One has to be mindful of not letting outside elements get into the painting.

Limited Mobility

When you paint outdoors, your choice of location is critical for your creative process. However, your mobility may be limited depending on the terrain of the location and the nature of your equipment.

Carrying heavy equipment for long distances may not be suitable for all people.

Famous Plein-Air Painters and Paintings

John Constable

John Constable was an English Romantic painter known for his landscape paintings. His iconic depictions of the Dedham Vale in Essex became the hallmark of the landscape painting movement of the early 19th century.

Also noteworthy was his painting, Wivenhoe Park, which won him the silver medal at London’s Royal Academy in 1815.

Thodore Rousseau

Thodore Rousseau was a French painter who was part of the Barbizon school, a group of artists who painted from nature en plein air. He is best known for his landscapes depicting Frances Forest of Fontainebleau.

In his painting Cluster of Tall Trees Overlooking the Plain of Clair-Bois at the Edge of Bas-Brau, Rousseau captured the unexpected beauty of nature in a uniquely stunning way.

Oscar-Claude Monet

Oscar-Claude Monet was one of the most celebrated French Impressionist painters of the 19th century. Monet’s Springtime, one of his most famous paintings, exemplifies the Impressionist style and the Plein-Air technique.

The painting depicts a peaceful riverbank, where the trees, grass, and flowers blend into a colorful composition, capturing the essence of the outdoors in an instant.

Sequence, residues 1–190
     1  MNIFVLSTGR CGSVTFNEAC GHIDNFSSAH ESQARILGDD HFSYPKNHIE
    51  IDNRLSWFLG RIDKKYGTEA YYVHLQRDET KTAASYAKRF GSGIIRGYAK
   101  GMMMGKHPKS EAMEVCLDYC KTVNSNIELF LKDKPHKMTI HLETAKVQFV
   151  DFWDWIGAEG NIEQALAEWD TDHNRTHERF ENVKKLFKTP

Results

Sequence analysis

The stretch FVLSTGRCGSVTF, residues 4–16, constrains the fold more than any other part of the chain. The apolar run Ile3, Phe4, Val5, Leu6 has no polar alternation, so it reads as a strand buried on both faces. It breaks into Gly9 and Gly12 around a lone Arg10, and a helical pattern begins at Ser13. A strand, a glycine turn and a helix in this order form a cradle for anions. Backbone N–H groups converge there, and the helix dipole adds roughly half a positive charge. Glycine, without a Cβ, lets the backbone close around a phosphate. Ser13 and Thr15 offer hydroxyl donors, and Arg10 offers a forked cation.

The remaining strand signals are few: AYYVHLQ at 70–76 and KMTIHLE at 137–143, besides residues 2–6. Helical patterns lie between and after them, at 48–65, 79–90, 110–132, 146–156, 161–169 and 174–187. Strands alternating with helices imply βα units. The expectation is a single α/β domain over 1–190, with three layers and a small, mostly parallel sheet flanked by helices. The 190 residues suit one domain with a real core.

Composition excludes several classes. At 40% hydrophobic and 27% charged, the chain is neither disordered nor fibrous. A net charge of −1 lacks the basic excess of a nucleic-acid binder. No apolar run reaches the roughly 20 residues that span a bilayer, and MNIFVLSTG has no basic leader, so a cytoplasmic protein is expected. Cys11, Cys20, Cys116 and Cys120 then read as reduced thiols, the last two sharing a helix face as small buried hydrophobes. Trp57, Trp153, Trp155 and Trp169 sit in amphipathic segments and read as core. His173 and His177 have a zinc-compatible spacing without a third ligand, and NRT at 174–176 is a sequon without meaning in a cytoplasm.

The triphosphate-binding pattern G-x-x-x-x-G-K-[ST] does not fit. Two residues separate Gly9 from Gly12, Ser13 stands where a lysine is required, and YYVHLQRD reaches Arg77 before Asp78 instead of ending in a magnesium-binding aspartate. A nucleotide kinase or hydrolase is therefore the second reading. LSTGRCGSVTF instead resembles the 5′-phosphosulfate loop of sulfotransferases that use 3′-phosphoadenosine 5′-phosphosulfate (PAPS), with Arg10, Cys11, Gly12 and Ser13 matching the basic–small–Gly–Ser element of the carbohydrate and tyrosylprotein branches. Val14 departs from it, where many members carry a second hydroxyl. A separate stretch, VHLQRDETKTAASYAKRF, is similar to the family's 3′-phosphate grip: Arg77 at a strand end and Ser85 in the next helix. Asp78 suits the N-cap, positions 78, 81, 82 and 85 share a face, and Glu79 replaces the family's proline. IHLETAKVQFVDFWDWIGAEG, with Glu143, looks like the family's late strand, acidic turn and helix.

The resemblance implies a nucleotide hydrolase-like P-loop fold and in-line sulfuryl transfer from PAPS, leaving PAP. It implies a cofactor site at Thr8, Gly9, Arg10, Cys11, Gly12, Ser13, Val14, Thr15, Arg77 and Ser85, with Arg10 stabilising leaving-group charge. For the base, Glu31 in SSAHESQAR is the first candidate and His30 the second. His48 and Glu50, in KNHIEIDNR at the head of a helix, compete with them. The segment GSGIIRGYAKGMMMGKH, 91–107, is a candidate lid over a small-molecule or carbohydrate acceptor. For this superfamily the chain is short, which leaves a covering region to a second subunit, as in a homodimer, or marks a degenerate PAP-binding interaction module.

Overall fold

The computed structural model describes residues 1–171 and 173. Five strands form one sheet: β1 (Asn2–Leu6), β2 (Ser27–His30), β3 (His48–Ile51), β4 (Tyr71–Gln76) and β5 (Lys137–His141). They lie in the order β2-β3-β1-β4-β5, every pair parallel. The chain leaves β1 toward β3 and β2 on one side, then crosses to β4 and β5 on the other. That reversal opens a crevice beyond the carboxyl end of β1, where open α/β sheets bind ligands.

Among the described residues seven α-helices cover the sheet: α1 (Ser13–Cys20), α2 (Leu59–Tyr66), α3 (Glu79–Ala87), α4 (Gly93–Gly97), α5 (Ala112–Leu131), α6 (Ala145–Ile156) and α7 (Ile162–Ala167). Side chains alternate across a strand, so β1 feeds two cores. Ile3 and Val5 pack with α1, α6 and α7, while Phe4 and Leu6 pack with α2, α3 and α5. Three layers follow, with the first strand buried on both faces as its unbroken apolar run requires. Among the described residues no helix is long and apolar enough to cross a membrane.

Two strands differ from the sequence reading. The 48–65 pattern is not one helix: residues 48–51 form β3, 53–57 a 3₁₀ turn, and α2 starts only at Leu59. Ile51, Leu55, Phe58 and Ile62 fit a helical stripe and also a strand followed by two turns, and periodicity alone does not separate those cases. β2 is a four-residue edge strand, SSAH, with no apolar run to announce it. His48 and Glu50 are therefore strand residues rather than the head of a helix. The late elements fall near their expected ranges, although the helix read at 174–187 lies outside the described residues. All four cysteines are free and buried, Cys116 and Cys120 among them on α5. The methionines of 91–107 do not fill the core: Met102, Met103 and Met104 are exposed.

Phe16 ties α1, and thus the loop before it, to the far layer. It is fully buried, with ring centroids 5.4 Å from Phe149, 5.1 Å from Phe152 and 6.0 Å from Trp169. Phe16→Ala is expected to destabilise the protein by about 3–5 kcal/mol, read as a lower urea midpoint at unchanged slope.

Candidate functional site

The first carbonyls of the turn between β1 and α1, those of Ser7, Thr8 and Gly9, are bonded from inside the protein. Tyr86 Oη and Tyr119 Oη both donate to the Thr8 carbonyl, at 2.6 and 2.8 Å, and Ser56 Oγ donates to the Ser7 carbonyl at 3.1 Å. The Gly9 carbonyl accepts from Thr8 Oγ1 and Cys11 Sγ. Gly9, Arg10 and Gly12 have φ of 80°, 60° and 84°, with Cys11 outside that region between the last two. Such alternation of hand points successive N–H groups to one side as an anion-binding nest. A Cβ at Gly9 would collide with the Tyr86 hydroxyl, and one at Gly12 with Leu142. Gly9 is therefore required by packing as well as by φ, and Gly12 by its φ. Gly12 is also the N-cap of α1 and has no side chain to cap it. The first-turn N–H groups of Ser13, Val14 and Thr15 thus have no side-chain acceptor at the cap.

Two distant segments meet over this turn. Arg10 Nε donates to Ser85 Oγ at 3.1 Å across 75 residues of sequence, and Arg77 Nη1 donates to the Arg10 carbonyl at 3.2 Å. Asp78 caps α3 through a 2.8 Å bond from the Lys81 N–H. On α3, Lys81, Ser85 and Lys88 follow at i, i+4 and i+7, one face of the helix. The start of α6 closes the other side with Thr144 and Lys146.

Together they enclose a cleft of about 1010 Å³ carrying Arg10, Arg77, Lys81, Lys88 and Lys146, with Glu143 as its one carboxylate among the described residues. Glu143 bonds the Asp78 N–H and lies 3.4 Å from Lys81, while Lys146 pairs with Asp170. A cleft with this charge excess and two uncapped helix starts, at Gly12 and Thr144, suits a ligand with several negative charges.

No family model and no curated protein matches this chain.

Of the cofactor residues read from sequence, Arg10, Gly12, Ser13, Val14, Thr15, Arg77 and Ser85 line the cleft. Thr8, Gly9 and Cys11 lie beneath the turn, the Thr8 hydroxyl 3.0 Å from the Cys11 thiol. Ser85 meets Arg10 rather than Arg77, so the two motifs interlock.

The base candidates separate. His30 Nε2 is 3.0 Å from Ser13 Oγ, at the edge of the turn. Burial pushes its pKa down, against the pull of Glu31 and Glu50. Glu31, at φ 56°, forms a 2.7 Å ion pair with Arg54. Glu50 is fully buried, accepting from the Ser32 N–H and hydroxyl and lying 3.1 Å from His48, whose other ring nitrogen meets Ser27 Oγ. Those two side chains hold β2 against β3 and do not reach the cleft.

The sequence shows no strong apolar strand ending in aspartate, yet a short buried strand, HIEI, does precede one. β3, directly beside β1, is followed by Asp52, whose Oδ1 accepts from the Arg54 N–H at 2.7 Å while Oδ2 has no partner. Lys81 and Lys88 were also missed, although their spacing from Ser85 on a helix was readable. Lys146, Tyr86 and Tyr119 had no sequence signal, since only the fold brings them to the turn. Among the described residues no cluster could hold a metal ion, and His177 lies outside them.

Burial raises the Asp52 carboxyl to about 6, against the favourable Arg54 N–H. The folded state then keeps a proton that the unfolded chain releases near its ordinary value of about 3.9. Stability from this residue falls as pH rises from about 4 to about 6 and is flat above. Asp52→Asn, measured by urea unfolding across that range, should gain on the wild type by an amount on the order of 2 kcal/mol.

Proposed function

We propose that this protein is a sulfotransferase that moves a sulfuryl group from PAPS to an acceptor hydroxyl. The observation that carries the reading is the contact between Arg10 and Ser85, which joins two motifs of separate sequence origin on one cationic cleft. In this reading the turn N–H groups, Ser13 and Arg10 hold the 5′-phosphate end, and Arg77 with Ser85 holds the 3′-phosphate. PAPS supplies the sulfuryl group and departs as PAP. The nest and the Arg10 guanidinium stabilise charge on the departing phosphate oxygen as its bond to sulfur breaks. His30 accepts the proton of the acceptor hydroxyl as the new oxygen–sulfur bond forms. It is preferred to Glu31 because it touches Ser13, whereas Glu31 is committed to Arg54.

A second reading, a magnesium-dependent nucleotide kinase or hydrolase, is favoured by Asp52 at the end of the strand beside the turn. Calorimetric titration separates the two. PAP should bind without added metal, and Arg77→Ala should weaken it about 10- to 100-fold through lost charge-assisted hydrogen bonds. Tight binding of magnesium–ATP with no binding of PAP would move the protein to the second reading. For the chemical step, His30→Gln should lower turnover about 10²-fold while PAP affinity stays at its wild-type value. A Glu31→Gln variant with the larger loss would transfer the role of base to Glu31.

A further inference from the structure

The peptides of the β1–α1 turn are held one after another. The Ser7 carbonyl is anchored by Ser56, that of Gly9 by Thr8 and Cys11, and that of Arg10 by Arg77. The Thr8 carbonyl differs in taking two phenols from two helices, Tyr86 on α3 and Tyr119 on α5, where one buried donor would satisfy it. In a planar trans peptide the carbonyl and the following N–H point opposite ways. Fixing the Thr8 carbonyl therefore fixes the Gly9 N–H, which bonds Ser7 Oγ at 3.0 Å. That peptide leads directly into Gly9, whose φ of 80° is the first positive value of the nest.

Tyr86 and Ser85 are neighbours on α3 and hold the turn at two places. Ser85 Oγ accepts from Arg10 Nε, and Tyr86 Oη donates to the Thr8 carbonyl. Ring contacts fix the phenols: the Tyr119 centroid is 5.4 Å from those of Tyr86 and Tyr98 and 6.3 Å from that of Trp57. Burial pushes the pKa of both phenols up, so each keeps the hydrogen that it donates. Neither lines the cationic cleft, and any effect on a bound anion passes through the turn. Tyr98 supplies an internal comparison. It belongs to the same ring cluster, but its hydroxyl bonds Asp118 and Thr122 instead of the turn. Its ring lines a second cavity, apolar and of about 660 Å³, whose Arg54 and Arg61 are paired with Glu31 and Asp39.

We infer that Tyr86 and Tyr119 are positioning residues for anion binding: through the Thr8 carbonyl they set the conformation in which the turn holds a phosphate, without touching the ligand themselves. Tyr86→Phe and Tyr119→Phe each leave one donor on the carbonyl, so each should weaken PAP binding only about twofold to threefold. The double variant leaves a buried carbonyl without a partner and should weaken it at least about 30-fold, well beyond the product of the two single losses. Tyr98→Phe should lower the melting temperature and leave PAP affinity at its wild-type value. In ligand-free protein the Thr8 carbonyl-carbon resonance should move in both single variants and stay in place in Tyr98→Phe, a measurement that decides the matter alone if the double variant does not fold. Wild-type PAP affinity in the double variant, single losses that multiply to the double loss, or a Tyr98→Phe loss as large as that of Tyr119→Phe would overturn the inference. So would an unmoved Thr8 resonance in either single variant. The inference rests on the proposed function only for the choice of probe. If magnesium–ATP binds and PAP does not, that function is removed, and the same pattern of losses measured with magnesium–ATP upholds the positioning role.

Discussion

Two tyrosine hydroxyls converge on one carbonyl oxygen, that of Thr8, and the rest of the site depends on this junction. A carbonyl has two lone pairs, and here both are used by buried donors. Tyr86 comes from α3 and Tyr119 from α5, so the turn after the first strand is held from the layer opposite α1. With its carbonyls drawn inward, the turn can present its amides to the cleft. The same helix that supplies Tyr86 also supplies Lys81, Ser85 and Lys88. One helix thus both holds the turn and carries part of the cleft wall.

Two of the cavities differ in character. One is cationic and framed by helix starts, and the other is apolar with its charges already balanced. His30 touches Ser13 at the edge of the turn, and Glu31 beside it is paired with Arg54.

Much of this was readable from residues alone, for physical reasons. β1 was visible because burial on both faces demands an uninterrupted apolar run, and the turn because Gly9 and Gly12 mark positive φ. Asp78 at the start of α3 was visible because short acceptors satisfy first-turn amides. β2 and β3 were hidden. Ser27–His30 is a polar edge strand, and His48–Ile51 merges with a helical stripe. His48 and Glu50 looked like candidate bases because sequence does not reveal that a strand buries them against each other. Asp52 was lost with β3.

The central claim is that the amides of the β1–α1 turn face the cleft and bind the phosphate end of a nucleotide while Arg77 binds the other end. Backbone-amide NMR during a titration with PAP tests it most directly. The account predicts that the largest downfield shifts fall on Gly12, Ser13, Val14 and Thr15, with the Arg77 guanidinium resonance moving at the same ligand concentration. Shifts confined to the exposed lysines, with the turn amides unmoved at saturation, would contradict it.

John Singer Sargent

John Singer Sargent was an American painter best known for his portraiture. However, he was also a prolific landscape painter who used the Plein-Air technique to create beautiful artwork.

An Out-of-Doors Study is one of his most famous paintings, which he created outdoors during a visit to the Italian village of Capri. In


Plein-Air painting is an exciting and challenging art form that offers artists the chance to interact with nature in unique and creative ways. While it has its challenges, Plein-Air painting remains a popular technique amongst artists and art lovers alike.

Famous painters like John Constable,

Thodore Rousseau,

Oscar-Claude Monet, and

John Singer Sargent have contributed to the rich legacy of this remarkable art form, which continues to inspire artists today.

Important Tips for Engaging in Plein-Air Painting

Engaging in Plein-Air painting can be a rewarding experience that allows artists to connect with nature and capture the essence of a scene in the moment. However, it also presents unique challenges that require careful consideration and preparation.